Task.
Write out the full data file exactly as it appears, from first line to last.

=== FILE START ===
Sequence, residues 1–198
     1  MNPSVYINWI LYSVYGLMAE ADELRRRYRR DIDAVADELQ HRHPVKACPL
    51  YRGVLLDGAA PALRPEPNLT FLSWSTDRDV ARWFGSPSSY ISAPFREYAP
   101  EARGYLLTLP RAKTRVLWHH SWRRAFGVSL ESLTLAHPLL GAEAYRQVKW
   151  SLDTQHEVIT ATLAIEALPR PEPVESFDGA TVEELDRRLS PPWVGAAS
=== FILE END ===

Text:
Sequence, residues 1–198
     1  MNPSVYINWI LYSVYGLMAE ADELRRRYRR DIDAVADELQ HRHPVKACPL
    51  YRGVLLDGAA PALRPEPNLT FLSWSTDRDV ARWFGSPSSY ISAPFREYAP
   101  EARGYLLTLP RAKTRVLWHH SWRRAFGVSL ESLTLAHPLL GAEAYRQVKW
   151  SLDTQHEVIT ATLAIEALPR PEPVESFDGA TVEELDRRLS PPWVGAAS